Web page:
HOMELESS HELP — New healthcare center brings hope
By Olivia Obineme
Published: Friday, January 29 2010
Sitting in a wheelchair outside Our Daily Bread on Thursday afternoon, Louise Daniels clenches her fist, fighting the bite of a stiff midwinter wind.
Homeless for three years, the 43-year-old mother of four had two fingers amputated last week — the brittle bandages still tightly wound, blood stains, surgery she attributes in part to years of being homeless and going without medical care.
(I.V. Photos/Stephen Janis)
NOWHERE ELSE TO GO
“Being homeless is stressful,” she said. “People get real sick, they get pneumonia from being outside and I had diabetes and it made it worse.”
That’s why when Daniels and a friend happened upon the new Healthcare for the Homeless facility on the 400 block of Fallsway in downtown Baltimore — set to open in days — she was happy,
I said, “Look at that, that’s a good thing; there’s a place for people who have nowhere else to go.”
The 25-year-old nonprofit organization is now in final preparations for the move after spending the past 18 years at 111 Park Ave.
The move into the $15.5 million facility is an “opportunity to help more people,” said HCH CEO Jeff Singer.
According to the agency’s spokesperson, Kevin Lindamood, the old building was closed Thursday and remains closed Friday and Saturday; the new Fallsway facility opens to accept patients on Monday.
FIRST DENTAL CLINIC FOR HOMELESS
The new facility is triple the size of the former location, and will include a pharmacy and pediatric clinic as well as Maryland’s first dental clinic for the homeless.
“The goal is to give the homeless enough services and to help them get housing,” Singer said.
The population of homeless individuals in Baltimore increased 12 percent between 2007 and 2009, from 3,001 homeless in 2007 to 3,419 in January 2009, according to the Baltimore Homeless Point-In-Time 2009 census, which is conducted biannually by Baltimore City Homeless Services.
“Part of it is that apartments have been foreclosed or some people are losing their jobs, creating an increase in homelessness,” Singer said.
INTENSIFIED NEED FOR HELP
The increase in the homeless population has intensified the need for help, including healthcare, said Greg Sileo, Baltimore Homeless Services Inc.’s director of outreach services. “It’s a given trend due to the economy.”
“I think that most homeless shelters around the nation are facing the same thing,” added Diane Glauber, president of Baltimore Homeless Services.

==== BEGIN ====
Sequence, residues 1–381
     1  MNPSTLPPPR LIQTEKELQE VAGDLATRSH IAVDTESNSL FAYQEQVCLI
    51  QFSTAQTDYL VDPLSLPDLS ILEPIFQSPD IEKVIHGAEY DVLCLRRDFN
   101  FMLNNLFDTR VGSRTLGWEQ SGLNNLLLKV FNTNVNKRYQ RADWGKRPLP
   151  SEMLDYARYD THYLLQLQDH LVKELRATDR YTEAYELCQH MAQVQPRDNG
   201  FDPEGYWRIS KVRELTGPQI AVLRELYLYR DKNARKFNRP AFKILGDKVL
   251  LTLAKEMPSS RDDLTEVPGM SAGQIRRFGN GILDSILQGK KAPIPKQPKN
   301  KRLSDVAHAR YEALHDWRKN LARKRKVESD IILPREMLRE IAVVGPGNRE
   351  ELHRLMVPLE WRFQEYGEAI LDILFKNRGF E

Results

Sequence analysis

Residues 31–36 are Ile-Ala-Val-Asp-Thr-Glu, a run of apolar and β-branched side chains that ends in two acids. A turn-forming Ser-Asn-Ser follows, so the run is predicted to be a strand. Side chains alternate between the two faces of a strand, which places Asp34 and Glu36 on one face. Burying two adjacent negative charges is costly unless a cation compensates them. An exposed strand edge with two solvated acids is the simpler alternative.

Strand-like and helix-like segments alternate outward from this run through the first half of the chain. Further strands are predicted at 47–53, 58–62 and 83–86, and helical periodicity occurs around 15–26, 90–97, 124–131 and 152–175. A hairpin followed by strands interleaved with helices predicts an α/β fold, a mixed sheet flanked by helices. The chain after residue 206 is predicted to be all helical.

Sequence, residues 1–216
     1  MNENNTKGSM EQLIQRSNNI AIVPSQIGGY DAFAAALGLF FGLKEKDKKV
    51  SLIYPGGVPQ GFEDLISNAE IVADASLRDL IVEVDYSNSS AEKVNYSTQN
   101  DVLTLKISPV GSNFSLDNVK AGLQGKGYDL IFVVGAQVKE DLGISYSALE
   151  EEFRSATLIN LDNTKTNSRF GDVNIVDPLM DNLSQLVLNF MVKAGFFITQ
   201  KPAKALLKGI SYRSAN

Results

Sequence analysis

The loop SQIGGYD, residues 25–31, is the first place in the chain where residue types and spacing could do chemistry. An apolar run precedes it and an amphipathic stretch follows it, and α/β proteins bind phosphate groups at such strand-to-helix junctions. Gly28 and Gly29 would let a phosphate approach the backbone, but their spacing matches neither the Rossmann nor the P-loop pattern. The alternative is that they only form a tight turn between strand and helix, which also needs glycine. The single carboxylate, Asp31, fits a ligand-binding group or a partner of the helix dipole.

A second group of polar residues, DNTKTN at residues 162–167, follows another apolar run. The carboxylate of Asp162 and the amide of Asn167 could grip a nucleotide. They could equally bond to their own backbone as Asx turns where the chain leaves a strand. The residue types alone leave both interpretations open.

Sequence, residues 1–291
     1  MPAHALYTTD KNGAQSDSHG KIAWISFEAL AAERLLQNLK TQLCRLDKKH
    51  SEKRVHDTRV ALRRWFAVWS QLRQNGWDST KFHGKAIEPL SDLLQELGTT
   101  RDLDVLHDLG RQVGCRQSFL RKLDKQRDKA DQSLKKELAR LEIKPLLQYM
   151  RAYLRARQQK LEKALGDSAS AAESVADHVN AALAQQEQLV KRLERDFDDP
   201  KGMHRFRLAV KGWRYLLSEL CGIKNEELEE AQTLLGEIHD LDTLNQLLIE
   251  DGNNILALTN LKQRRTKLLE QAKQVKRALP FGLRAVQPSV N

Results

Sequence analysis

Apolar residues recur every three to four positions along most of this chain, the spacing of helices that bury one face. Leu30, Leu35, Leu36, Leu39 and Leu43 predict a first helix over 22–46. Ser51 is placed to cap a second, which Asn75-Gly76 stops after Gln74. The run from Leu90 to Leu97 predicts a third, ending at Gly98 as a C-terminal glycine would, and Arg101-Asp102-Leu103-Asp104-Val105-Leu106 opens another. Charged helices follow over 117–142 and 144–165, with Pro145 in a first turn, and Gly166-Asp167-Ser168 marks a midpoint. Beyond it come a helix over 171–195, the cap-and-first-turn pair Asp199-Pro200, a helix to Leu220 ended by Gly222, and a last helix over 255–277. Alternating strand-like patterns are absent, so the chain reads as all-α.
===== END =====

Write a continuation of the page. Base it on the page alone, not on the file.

“Many cities are far worse than Baltimore.”
However the increased demand for medical treatment for homeless people is not limited to the city.
Demand is also on the rise in Baltimore County, said Dr. Melly Goodell, medical director of HCH’s Baltimore County branch, who has seen an increase in the number of patients at her newly opened facility that provides healthcare for the county’s homeless.
“[The increase] has direct ties to the economy, and people have lost jobs in areas like the housing industry,” Goodell said, adding, “We are seeing an increase in the number of new patients accessing our care, we feel in part because of an increased number of homeless in this area.”
Since the clinic opened in late January 2008 at Franklin Square Hospital’s Eastern Family Resource Center, Goodell said, the clinic has had 4,400 visits from about 1,000 women, men and children.
COMPREHENSIVE MEDICAL CARE
“More people know about us and are seeking us out as the only comprehensive medical care services specifically for homeless individuals in Baltimore County,” she explained.
The U.S. Department of Health funded the facility as part of a three-year grant that provides “comprehensive care to homeless residents of Baltimore County,” according to the facility’s web site.
Added Goodell: “We make every attempt to serve all in need, but we have more consolidated service.”
“Our barriers in general are inadequate dental services, inadequate mental health services, poor transportation, limited access to medical specialties — cardiology, neurology, and other specialists, prescription medication coverage — expensive mental health meds in particular,” she said.
“In our new facility, we’ll continue the high-quality care we’ve provided since 1985 and help even more of our most vulnerable neighbors move from the streets to the mainstream,” Singer added.
Lindamood said the new HCH facility will have “grand-opening activities” set for the public on March 25.
I.V. Senior Reporter & Content Director Stephen Janis contributed to this firstname.lastname@example.org
Courtesy of Investigative Voice